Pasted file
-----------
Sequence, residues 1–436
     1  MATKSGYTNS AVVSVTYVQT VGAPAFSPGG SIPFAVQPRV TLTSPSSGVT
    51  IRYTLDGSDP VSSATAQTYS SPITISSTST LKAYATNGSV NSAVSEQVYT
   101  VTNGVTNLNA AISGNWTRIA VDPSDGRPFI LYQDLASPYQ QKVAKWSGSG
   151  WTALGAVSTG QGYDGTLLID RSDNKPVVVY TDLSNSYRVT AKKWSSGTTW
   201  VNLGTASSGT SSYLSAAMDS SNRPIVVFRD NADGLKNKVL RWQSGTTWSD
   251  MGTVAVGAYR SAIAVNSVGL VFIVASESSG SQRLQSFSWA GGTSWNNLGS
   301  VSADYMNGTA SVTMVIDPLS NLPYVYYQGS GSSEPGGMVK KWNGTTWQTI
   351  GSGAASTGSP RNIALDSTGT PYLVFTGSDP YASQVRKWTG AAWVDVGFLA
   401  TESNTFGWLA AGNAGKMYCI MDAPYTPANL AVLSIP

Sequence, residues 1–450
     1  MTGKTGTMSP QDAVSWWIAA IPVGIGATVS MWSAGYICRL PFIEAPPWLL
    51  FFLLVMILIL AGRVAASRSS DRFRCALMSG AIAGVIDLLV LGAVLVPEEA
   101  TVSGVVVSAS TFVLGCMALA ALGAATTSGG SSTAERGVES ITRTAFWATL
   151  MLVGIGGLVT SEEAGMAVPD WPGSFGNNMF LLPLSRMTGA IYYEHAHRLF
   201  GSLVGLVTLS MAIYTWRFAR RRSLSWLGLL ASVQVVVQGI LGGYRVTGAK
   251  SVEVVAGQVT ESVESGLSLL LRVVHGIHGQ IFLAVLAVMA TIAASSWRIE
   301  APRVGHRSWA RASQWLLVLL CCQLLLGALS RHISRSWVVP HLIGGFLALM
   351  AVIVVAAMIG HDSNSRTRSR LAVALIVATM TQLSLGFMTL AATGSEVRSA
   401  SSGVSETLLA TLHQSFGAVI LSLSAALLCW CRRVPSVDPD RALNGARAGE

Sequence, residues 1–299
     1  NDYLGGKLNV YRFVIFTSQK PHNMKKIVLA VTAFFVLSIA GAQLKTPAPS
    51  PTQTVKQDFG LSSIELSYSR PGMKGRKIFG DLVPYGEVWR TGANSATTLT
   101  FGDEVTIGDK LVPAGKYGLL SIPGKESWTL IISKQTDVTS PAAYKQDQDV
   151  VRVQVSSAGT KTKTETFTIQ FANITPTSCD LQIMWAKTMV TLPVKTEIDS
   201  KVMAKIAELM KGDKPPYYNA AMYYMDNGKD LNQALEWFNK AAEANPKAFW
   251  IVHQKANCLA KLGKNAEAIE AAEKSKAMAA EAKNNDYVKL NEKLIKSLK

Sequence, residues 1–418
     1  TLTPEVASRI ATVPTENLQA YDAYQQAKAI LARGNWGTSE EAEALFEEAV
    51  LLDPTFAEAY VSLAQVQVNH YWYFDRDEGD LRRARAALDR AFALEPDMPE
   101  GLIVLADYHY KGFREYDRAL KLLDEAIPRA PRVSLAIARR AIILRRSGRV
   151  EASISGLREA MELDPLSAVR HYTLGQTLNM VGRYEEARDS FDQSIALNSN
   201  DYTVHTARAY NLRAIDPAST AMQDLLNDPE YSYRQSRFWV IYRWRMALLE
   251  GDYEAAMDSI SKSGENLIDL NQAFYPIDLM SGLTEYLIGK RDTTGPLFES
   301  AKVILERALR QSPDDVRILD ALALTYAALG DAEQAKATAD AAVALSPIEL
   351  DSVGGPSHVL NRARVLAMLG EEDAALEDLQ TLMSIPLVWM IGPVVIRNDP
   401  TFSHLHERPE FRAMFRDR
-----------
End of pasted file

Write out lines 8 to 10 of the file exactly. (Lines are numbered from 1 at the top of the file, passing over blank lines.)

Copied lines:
   301  VSADYMNGTA SVTMVIDPLS NLPYVYYQGS GSSEPGGMVK KWNGTTWQTI
   351  GSGAASTGSP RNIALDSTGT PYLVFTGSDP YASQVRKWTG AAWVDVGFLA
   401  TESNTFGWLA AGNAGKMYCI MDAPYTPANL AVLSIP